Throughout the week we were busy packaging, triaging bugs and introducing new community members to these skills. The releases of KDE 4.3 Beta 1 and Amarok 2.1 Beta 2 kept the team busy fixing last minute compilation errors and replacing 4.2.3 in the KDE:KDE4:Factory:Desktop repository with 4.3 Beta 1 as we move towards openSUSE 11.2. KDE 4.2 continues to be available in the KDE:42 repository so if you haven't switched yet, we expect you want to help make 4.3 excellent!
The week began with a lively chat session discussing the Plasma desktop. Andrew Stromme and Marco Martin from the Plasma dev team paid #opensuse-kde a visit and gave the community a look at what is coming in KDE 4.3. The improved system tray and notifications system got everyone excited, and the channel was surprised to learn about the expanding folders in the Folder View widget that will make powerful desktop file management possible. Marco introduced the ability to link Plasma Activities to virtual desktops, which the openSUSE community thought was a great idea to make Activities accessible and discoverable to the majority of users. Questions were also asked about Plasmate, the planned Plasma widget creator tool, and ways to distribute scripted plasmoids to make user-created Plasma content as ubiquitous as browser extensions.
On Tuesday we discussed issues facing KDE system adminstrators and had a question and answer session on the internals of KDE. Topics included how to lock down Plasma, how to ensure the right Phonon backends are installed on large KDE installations and how to setup and theme KDM.
Things hotted up again on Wednesday with the KDE PIM session. Thomas McGuire and Kevin Krammer, two hyperactive KDE PIM developers, made the short journey from #kontact to #opensuse-kde and let us know how the migration to Akonadi is going. As usual, good things seem to be know they are worth the wait and take a bit longer than planned, but the participants were very happy to hear that when it comes to crucial PIM data, nothing is being rushed and stability and reliability are paramount. The news that 4.3 KDEPIM apps contain numerous bug fixes and stability measures was well received. KContactManager, the Akonadi-based eventual replacement for KAddressBook, was presented and used as an example of how Akonadi will give performance and footprint advantages over every other PIM system out there. Exciting possibilities to integrate with online services were illustrated with the Google Data and Remember The Milk resources. Mailody, the purely Akonadi-based KDE mail client and star of extragear, also got a mention, as well as KJots, the note-taking tool, and everyone was happy to hear that development continues on a KDE 4 port of Basket.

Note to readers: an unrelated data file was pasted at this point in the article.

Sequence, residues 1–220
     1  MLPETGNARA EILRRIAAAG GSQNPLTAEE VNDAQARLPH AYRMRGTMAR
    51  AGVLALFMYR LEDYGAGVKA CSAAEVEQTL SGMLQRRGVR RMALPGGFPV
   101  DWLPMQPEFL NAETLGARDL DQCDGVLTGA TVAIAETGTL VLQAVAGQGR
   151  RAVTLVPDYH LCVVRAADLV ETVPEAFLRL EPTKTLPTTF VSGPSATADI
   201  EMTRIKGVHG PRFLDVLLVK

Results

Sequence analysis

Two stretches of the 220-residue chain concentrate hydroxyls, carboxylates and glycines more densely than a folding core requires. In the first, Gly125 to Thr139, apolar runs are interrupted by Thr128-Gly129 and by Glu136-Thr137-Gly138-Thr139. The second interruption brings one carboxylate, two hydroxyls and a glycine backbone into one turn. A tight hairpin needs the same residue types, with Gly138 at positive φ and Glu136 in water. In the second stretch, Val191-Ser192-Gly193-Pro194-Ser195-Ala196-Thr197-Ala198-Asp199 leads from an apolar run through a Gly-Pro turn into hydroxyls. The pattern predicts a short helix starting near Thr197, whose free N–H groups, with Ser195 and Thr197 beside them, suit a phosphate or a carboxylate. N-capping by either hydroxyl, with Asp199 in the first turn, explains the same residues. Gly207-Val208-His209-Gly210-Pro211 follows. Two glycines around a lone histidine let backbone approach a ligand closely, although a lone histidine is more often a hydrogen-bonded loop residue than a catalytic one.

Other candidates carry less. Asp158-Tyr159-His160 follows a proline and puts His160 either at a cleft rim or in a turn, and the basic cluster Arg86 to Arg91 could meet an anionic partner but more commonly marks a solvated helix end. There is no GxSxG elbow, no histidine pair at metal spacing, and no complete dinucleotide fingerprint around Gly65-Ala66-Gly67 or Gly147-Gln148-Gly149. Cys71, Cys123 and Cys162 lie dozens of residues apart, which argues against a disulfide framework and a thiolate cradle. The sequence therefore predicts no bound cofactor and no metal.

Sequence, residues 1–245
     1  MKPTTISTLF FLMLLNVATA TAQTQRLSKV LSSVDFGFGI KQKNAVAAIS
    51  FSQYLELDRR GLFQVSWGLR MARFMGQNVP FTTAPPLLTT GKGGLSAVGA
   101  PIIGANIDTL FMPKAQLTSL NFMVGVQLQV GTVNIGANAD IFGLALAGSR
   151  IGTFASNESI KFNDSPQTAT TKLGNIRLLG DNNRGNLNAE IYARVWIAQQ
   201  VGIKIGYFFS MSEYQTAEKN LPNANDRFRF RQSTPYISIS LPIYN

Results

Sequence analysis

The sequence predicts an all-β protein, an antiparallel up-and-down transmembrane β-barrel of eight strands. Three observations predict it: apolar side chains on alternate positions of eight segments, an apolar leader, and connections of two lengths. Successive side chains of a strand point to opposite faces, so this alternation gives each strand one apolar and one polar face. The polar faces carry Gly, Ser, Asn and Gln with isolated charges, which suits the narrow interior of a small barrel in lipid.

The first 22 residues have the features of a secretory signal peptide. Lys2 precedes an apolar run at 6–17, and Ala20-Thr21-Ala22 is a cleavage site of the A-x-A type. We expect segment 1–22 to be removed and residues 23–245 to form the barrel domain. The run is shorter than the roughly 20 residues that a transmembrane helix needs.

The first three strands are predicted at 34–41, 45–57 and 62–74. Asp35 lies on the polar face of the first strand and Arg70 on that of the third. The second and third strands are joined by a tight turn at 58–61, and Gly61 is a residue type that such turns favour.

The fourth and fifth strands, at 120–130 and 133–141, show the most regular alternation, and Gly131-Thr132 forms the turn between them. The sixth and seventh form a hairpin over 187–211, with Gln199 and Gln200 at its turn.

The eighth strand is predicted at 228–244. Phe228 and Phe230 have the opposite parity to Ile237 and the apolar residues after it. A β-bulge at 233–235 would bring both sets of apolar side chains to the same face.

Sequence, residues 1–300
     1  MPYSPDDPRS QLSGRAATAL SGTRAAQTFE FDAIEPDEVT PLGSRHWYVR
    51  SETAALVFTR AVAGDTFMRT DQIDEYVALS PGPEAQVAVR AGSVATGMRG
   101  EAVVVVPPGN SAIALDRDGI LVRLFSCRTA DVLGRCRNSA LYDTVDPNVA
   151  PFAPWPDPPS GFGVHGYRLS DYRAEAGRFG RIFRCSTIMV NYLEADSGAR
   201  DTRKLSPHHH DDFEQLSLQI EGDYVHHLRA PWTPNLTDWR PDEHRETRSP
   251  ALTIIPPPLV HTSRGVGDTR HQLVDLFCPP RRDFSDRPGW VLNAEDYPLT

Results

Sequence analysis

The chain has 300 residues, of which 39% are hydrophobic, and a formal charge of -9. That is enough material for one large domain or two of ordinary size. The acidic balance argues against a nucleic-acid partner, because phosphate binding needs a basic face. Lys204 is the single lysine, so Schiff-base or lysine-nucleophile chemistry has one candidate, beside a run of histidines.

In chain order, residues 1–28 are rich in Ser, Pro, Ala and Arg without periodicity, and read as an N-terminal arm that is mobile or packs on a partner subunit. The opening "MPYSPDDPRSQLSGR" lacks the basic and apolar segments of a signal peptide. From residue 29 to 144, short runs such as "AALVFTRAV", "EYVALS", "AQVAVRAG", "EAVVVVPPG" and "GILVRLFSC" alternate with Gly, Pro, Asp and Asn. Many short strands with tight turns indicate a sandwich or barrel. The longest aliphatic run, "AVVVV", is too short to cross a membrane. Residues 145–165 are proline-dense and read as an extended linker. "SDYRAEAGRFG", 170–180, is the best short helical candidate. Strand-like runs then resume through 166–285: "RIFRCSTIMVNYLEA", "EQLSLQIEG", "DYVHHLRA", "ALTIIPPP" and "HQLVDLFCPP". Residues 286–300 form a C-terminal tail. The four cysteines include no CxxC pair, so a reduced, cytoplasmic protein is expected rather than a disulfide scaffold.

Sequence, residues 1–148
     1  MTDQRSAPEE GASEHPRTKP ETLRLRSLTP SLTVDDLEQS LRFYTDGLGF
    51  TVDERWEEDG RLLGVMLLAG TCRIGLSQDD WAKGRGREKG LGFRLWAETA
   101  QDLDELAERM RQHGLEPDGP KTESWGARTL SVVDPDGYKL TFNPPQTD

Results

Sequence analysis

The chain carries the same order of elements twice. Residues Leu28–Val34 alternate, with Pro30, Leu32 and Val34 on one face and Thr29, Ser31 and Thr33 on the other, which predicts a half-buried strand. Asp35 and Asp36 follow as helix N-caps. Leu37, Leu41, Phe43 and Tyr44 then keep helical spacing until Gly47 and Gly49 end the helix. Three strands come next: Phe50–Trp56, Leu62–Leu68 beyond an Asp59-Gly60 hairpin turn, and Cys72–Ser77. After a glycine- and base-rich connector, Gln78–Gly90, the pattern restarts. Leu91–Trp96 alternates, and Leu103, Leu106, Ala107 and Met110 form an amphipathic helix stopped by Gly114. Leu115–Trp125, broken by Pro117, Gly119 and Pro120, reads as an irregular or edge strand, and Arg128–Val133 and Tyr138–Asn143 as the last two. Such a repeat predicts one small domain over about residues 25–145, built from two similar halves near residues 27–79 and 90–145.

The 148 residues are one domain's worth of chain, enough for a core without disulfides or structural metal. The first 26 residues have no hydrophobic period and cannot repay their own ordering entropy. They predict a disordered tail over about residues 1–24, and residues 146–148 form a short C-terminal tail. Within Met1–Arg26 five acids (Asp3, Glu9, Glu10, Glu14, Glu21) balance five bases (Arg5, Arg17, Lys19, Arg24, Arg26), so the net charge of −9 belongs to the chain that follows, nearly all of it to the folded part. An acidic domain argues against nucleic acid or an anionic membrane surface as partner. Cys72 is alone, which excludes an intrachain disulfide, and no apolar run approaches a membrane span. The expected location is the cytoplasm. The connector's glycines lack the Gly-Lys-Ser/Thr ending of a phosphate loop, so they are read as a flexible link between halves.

As SUSE has opened up and become openSUSE over the last couple of years, the team has adopted a pragmatic bug policy so that bugs which are definitely not specific to openSUSE are moved upstream to bugs.kde.org. This is in everybody's best interest since the bugs end up where there are developers most able to fix them quickly, and our expert team of bug triagers improve the quality of the reported bugs by filtering out packaging issues, broken patches, reports against old versions and reports caused by underlying system problems. Keeping bugs hanging around distro bug trackers for months where maintainers' limited resources mean they get limited attention is frustrating for users who take the time to make reports. Luboš Luňák led two intensive bug-squashing days on Thursday and Friday which resulted in a large number of bugs being fixed and closed.
Overall the week was pretty intense but productive and the activity level in the #opensuse-kde IRC channel was noticeably higher than normal. We look forward to having another Community Week soon, and also to KDE playing a big part in the openSUSE Conference planned for later in the year.